an average loss of 0.46 with an inference time of 4 ms,
demonstrating, initially, the NN models’ applicability
for multilayered problems. Furthermore, the reduced
number of objects compared with the features used to
train and test the algorithm can impact the model per-
formance, needing more tests and evaluation to vali-
date the results.
4.2 Film Region Semantic Segmentation
for Cluster Analysis
The clustering analysis used image processing
through spatial regularization on super-pixels to make
segmented regions more compact. The pipeline used
comprises (i) computation of super-pixels; (ii) ex-
traction of descriptors; (iii) soft classification, using
the Gaussian Mixture Model for unsupervised learn-
ing; (iv) final segmentation using Graph Cut (Borovec
et al., 2017).
This work experiment used a super-pixel size of 1
and regularization of 0.1, with the number of classes
equal to four. These parameters were obtained by ex-
perimentation, observing the best OD profile division
and comprehension. Fig. 6 shows approved and dis-
approved examples, where the yellow and red regions
are interpreted as deprecated areas.
Fig. 6a is an approved object and presents a sig-
nificant region of class 1 (blue light), differently from
Fig. 6b, which shows a substantial part of class 2
(yellow) with class 3 (red) areas distributed inside this
class. The class 3 region format of points and edges in
different vertical positions indicates possible fault re-
gions associated with pinholes and local coating sys-
tem imbalance.
Visual Analysis of Deep Learning Methods for Industrial Vacuum Metalized Film Product
Figure 5: After addressing a class for each OD value of a product, we sum the number of OD classes by-product, representing
area count. Dividing the objects according to his final classification, we could compare the area count occurrence in the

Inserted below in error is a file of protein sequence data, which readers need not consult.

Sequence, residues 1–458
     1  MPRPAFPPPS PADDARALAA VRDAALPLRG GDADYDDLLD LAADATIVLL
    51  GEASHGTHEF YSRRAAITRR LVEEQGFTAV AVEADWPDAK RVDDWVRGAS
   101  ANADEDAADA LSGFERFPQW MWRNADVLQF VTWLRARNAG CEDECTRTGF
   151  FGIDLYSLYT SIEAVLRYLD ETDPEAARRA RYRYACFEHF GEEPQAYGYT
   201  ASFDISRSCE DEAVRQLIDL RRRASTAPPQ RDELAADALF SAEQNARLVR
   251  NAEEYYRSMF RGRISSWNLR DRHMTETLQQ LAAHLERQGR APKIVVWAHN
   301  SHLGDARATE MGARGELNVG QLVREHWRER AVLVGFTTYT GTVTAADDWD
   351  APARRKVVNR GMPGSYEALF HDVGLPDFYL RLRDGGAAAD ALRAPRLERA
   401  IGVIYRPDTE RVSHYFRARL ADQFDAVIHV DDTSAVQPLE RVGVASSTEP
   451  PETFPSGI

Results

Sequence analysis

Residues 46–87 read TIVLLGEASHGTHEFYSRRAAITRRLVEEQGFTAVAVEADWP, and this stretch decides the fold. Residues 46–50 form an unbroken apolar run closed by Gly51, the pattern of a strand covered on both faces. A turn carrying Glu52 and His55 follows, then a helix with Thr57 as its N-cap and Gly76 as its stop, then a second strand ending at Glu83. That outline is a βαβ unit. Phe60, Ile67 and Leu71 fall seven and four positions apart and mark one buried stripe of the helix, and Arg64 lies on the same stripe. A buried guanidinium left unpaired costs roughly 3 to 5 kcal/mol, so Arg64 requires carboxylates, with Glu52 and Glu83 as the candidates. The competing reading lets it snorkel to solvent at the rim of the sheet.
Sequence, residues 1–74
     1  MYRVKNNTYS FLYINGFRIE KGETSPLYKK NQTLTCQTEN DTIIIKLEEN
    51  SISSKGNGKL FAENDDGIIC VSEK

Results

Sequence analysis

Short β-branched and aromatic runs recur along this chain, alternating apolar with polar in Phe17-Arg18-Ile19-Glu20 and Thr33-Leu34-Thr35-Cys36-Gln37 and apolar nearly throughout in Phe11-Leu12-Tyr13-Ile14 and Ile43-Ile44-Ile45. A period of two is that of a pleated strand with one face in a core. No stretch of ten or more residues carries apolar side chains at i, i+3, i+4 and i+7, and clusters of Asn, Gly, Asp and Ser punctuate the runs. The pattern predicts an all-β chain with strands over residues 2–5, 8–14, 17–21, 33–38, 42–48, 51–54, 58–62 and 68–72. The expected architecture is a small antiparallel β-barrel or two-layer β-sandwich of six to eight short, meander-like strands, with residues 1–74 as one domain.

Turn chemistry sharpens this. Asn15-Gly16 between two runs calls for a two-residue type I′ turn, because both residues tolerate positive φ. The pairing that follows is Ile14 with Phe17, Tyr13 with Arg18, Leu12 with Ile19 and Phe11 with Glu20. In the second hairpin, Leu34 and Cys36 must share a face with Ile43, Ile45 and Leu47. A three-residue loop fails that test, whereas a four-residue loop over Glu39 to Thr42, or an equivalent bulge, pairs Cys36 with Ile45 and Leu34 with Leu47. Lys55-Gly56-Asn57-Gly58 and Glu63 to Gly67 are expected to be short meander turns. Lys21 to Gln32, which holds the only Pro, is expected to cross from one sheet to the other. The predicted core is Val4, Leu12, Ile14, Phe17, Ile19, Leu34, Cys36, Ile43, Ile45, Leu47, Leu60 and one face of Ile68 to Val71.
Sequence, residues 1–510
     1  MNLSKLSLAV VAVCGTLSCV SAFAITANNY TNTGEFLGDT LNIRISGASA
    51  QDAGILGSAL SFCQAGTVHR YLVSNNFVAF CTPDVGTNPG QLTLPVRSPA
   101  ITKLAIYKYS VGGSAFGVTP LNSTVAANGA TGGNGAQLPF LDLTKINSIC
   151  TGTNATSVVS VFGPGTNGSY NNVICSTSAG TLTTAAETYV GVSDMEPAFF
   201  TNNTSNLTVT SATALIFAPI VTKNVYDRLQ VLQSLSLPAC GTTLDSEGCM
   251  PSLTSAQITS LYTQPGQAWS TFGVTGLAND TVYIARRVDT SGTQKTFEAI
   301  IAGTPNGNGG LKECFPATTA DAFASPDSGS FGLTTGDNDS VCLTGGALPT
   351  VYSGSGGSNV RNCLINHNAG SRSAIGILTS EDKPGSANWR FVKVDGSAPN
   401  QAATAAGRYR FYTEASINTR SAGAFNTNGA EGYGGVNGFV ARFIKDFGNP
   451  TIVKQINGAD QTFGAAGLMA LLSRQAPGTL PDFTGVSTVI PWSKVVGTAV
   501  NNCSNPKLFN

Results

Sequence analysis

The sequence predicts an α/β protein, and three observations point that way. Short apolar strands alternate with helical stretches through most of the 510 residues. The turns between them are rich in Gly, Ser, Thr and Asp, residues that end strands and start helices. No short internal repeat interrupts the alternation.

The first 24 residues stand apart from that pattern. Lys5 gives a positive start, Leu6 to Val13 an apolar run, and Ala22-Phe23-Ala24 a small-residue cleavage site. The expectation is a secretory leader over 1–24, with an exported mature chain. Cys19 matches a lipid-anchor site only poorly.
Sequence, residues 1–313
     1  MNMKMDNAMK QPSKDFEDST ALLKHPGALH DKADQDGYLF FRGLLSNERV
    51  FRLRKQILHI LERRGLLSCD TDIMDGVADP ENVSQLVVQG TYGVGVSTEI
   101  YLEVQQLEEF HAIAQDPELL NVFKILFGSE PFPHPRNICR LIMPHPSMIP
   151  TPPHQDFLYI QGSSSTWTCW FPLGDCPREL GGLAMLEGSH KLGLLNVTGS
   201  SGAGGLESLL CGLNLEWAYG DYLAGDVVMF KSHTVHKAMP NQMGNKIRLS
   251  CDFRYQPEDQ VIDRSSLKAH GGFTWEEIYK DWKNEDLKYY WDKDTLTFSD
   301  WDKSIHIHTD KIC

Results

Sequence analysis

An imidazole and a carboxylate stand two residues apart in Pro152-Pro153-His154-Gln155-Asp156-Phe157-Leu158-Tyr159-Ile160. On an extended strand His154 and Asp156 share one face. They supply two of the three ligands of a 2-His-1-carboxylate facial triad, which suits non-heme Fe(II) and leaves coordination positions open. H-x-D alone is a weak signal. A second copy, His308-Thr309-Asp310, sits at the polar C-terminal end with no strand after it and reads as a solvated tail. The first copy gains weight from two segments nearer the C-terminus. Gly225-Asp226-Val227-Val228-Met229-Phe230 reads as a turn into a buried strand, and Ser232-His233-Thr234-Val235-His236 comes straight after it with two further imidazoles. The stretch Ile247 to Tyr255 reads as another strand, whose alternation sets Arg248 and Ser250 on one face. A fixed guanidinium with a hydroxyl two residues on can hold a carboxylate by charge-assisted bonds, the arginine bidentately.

objects approved and disapproved to observe possible influences in the product’s final quality. The blue line represents the
area counting for approved objects and the orange line for disapproved objects.
This visualization provides insightful observa-
tions. For the disapproved film, the local coating
system on 2, 11, 13, 16, 22 positions present red as
the significant class indicating potential local system
Figure 6: Film profile semantic segmentation for fault iden-
tification. Each region color represents a class obtained by
clustering. The marine blue is class 0 and represents the
padding area, the blue light class 1, yellow class 2, and red
as class 3. a) It is an approved film object. b) A disapproved
film object.
problems or imbalances in one of the process vari-
ables: wire feed, wire aligning, or boat temperature.
For the approved film, the predominant blue re-
gion indicates a good coating and uniformity. On the
other hand, the spaced red points showed small areas
with a soft covering associated with pinholes region,
which can be caused mainly by smalls dirt or debris
in the film profile that could be avoided by vacuum
and venting variables adjustments.
Looking for objects analysis through class appear-
ance, Fig. 5 count the class pixels area for each ob-
ject. Observing that, class 3 demonstrated many high
area counts for major disapproved objects, reinforcing
the clustering analysis and the association of class 3
as undesired OD regions that contribute to object dis-
approval. For the further classes, no substantial class
counting differences were obtained between approved
and disapproved products.
4.3 Class Prediction with Semantic
Segmented Images
Another interesting evaluation is in the layer’s out-
puts, where we can observe the layer weights map-
ping and infer if the semantic segmentation could im-